Call to capital markets to aid in rebuilding nations after disaster

The World Bank is achieving success in using the capital markets to put together financial facilities to help hurricane-afflicted Caribbean countries receive swift aid to deal with the aftermath, its Treasurer Arunma Oteh tells GlobalMarkets

  • By GlobalMarkets
  • 15 Oct 2017
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By Sam Kerr


Oteh
Oteh: capital markets can transform society
The devastating Atlantic hurricane season of 2017 has revealed a further injustice to compound the loss of life and destruction of property — the sheer cost of a disaster which is not covered by any type of insurance.


According to risk modelling firm RMS, insured losses for Hurricane Maria alone were estimated at $15bn-$30bn although economic losses could be as high as $60bn.
Efforts are underway to right this imbalance. “Capital markets can transform society,” said Arunma Oteh, treasurer at the World Bank told GlobalMarkets.
“They offer powerful tools for eradicating poverty and building shared prosperity. At the World Bank we have been connecting capital markets to development since we issued our first bond 70 years ago.” 
With investors hungry for yield, there are efforts underway to use insurance-linked securities (ILS) to bridge the gap between insured and economic loss putting more funds at the disposal of disaster stricken nations.
“There’s over $30tr in the capital markets, and investors are eager to put their balance sheets to work to generate income,” said Daniel Stander, global head of the public sector practice at RMS. 
“So, when you have this profound protection gap on the one hand and then on the other this vast amount of capital looking for a home, it’s not inappropriate to ask whether we can bring the two together.”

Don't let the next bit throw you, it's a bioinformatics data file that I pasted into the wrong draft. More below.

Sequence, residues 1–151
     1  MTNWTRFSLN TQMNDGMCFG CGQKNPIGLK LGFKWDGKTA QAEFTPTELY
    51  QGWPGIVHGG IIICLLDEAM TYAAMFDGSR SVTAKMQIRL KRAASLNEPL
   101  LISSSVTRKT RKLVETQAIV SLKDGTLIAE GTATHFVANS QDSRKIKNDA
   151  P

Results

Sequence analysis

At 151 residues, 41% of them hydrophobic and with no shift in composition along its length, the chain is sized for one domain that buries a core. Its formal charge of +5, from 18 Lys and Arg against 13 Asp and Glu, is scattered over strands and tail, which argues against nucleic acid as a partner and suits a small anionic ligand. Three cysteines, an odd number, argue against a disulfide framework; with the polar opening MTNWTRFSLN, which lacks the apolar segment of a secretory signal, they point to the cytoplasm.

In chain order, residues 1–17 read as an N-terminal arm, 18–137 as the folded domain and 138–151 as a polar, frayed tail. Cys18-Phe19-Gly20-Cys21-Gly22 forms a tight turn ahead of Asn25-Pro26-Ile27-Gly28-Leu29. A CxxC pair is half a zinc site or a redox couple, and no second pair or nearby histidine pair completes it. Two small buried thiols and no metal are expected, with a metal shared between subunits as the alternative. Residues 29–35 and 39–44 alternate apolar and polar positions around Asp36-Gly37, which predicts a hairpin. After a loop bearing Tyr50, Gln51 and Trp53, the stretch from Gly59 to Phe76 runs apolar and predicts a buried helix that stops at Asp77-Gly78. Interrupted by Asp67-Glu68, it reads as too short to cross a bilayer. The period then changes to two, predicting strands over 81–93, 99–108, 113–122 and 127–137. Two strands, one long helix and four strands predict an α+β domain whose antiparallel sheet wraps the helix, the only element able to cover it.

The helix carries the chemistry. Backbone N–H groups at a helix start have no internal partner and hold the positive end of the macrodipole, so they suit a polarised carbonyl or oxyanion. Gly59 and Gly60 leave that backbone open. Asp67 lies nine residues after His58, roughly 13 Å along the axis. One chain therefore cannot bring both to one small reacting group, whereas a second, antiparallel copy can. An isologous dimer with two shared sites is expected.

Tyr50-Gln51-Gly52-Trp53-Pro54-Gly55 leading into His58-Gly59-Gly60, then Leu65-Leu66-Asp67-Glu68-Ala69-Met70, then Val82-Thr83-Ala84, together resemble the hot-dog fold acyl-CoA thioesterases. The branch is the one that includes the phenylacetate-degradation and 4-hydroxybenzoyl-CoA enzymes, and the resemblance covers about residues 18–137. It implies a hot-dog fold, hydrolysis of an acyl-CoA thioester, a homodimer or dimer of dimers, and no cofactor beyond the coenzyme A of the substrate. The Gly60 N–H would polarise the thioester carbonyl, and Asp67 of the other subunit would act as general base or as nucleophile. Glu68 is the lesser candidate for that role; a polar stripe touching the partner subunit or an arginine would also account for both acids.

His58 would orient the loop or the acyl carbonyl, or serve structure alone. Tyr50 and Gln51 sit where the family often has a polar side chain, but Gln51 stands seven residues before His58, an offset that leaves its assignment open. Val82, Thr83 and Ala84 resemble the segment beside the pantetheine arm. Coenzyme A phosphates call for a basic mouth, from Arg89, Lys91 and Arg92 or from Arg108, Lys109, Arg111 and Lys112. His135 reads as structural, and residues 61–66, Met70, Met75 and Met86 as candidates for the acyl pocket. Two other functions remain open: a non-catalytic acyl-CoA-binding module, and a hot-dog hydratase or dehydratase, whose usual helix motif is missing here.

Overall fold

The World Bank is also ready to meet this challenge. “One financial tool we have to help our member countries be more resilient in the wake of disasters is to leverage insurance-linked securities,” said Oteh. “Over the past 10 years, we have executed more than $2bn in transactions that have transferred risks from natural disasters to the capital markets.”
Oteh said use of capital markets had given the World Bank a broader set of tools to build countries’ resilience and was working with them put in place disaster risk management frameworks that included early warning systems and resilient infrastructure.  
“Preparing for disasters saves lives and money, and is a key way to achieve our goals of eradicating extreme poverty and boosting shared prosperity,” she said.
She said ILS risk management tools were effective. For example the World Bank received confirmation this week that the devastating earthquake that hit Mexico on September 7 has triggered a payout from a catastrophe bond it issued in August, this year. As a result, Mexico’s natural disaster relief fund, FONDEN, will receive $150m for its relief efforts. 
Similarly, she said the Caribbean Catastrophe Risk Insurance Facility, which was set up with the help of the World Bank, has made more $50m in payouts since the start of the 2017 Atlantic hurricane season. 

  • By GlobalMarkets
  • 15 Oct 2017

All International Bonds

Rank Lead Manager Amount $m No of issues Share %
  • Last updated
  • Today
1 Citi 397,802.90 1500 9.03%
2 JPMorgan 363,302.17 1650 8.25%
3 Bank of America Merrill Lynch 348,228.35 1238 7.91%
4 Goldman Sachs 258,286.96 872 5.87%
5 Barclays 255,555.03 1005 5.80%

Bookrunners of All Syndicated Loans EMEA

Rank Lead Manager Amount $m No of issues Share %
  • Last updated
  • Today
1 HSBC 41,871.90 183 6.88%
2 Deutsche Bank 36,549.85 129 6.00%
3 BNP Paribas 30,861.76 187 5.07%
4 Bank of America Merrill Lynch 30,788.61 98 5.06%
5 Barclays 30,558.69 87 5.02%

Bookrunners of all EMEA ECM Issuance

Rank Lead Manager Amount $m No of issues Share %
  • Last updated
  • Today
1 JPMorgan 21,646.51 97 8.83%
2 Morgan Stanley 17,632.84 92 7.19%
3 Citi 16,974.50 104 6.93%
4 UBS 16,761.62 67 6.84%
5 Goldman Sachs 16,323.87 89 6.66%